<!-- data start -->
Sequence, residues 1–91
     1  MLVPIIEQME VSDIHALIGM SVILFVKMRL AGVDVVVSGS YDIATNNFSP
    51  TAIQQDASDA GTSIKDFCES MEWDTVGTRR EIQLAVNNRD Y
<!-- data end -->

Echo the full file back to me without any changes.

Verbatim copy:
Sequence, residues 1–91
     1  MLVPIIEQME VSDIHALIGM SVILFVKMRL AGVDVVVSGS YDIATNNFSP
    51  TAIQQDASDA GTSIKDFCES MEWDTVGTRR EIQLAVNNRD Y